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consists of ones and because each number is measurable by one; and
it is 'many' as that which is opposed to one, not to the few. In
this sense, then, even two is many-not, however, in the sense of a
plurality which is excessive either relatively or absolutely; it is
the first plurality. But without qualification two is few; for it is
first plurality which is deficient (for this reason Anaxagoras was not
right in leaving the subject with the statement that 'all things
were together, boundless both in plurality and in smallness'-where for
'and in smallness' he should have said 'and in fewness'; for they
could not have been boundless in fewness), since it is not one, as
some say, but two, that make a few.
The one is opposed then to the many in numbers as measure to thing
measurable; and these are opposed as are the relatives which are not
from their very nature relatives. We have distinguished elsewhere
the two senses in which relatives are so called:-(1) as contraries;
(2) as knowledge to thing known, a term being called relative
because another is relative to it. There is nothing to prevent one
from being fewer than something, e.g. than two; for if one is fewer,
it is not therefore few. Plurality is as it were the class to which
number belongs; for number is plurality measurable by one, and one and
number are in a sense opposed, not as contrary, but as we have said
some relative terms are opposed; for inasmuch as one is measure and
the other measurable, they are opposed. This is why not everything
that is one is a number; i.e. if the thing is indivisible it is not
a number. But though knowledge is similarly spoken of as relative to
the knowable, the relation does not work out similarly; for while
knowledge might be thought to be the measure, and the knowable the
thing measured, the fact that all knowledge is knowable, but not all
that is knowable is knowledge, because in a sense knowledge is
measured by the knowable.-Plurality is contrary neither to the few
(the many being contrary to this as excessive plurality to plurality
exceeded), nor to the one in every sense; but in the one sense these
are contrary, as has been said, because the former is divisible and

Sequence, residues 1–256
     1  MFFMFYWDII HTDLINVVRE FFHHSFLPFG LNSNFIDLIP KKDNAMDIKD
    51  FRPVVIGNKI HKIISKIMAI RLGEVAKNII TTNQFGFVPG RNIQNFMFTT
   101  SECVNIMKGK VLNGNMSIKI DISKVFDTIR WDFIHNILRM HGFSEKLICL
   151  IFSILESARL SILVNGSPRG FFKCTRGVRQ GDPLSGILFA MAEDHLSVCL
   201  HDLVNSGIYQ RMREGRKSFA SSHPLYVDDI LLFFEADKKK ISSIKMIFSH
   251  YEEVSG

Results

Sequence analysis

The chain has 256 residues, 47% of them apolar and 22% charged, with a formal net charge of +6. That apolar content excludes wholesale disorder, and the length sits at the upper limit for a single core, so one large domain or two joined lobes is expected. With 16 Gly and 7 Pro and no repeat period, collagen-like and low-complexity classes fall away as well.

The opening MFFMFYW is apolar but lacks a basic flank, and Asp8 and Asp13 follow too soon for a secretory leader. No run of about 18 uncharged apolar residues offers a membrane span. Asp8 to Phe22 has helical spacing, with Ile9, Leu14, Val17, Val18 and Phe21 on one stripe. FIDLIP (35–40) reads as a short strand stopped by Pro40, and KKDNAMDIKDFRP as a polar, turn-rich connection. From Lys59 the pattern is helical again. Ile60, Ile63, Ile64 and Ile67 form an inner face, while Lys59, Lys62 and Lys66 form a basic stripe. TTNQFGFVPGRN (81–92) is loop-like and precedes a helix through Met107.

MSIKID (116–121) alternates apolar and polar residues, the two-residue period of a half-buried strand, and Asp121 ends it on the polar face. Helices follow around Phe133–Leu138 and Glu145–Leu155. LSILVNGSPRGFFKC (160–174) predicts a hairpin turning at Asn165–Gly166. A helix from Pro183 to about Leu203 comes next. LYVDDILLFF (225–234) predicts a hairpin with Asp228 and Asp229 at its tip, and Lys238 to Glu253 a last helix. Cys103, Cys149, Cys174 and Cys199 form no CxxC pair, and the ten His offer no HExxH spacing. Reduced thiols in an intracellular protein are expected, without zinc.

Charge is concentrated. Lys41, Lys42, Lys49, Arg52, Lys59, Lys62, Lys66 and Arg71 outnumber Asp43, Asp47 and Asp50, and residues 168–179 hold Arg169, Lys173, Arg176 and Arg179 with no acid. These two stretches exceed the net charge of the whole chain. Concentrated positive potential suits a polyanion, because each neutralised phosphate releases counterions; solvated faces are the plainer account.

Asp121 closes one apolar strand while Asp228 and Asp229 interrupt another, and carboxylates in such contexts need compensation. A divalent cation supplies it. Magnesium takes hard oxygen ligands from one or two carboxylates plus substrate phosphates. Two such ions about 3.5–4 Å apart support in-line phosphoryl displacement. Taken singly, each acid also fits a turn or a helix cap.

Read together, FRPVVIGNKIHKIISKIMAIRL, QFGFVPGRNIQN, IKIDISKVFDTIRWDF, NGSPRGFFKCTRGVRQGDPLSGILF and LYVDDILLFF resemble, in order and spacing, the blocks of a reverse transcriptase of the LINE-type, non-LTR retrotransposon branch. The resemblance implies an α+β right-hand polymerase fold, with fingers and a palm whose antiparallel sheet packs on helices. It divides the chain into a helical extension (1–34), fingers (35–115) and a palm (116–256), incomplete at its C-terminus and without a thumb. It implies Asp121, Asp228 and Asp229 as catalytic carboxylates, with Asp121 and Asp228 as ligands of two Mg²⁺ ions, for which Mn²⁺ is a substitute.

the latter indivisible, while in another sense they are relative as
knowledge is to knowable, if plurality is number and the one is a

Since contraries admit of an intermediate and in some cases have
it, intermediates must be composed of the contraries. For (1) all
intermediates are in the same genus as the things between which they
stand. For we call those things intermediates, into which that which
changes must change first; e.g. if we were to pass from the highest
string to the lowest by the smallest intervals, we should come
sooner to the intermediate notes, and in colours if we were to pass
from white to black, we should come sooner to crimson and grey than to
black; and similarly in all other cases. But to change from one
genus to another genus is not possible except in an incidental way, as
from colour to figure. Intermediates, then, must be in the same
genus both as one another and as the things they stand between.
But (2) all intermediates stand between opposites of some kind;
for only between these can change take place in virtue of their own
nature (so that an intermediate is impossible between things which are
not opposite; for then there would be change which was not from one
opposite towards the other). Of opposites, contradictories admit of no
middle term; for this is what contradiction is-an opposition, one or
other side of which must attach to anything whatever, i.e. which has
no intermediate. Of other opposites, some are relative, others
privative, others contrary. Of relative terms, those which are not
contrary have no intermediate; the reason is that they are not in
the same genus. For what intermediate could there be between knowledge
and knowable? But between great and small there is one.
(3) If intermediates are in the same genus, as has been shown, and
stand between contraries, they must be composed of these contraries.

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